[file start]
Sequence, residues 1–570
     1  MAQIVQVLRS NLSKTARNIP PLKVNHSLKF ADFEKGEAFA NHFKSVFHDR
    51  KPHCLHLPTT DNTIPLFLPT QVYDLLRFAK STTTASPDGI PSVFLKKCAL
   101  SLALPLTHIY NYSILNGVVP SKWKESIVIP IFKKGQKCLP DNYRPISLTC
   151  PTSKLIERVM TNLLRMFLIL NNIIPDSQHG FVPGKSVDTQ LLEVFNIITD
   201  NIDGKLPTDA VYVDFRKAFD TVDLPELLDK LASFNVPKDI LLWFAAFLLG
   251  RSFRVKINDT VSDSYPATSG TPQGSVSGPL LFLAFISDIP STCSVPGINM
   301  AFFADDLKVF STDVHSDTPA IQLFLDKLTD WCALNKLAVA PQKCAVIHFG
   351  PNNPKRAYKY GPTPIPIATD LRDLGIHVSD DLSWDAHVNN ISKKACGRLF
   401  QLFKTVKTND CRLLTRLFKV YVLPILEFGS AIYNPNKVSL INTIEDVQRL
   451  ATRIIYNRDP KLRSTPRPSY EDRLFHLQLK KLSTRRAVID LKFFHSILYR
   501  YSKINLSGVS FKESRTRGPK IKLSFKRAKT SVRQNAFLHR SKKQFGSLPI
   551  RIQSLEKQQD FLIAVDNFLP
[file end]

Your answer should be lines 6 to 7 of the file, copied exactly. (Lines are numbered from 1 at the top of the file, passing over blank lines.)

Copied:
   201  NIDGKLPTDA VYVDFRKAFD TVDLPELLDK LASFNVPKDI LLWFAAFLLG
   251  RSFRVKINDT VSDSYPATSG TPQGSVSGPL LFLAFISDIP STCSVPGINM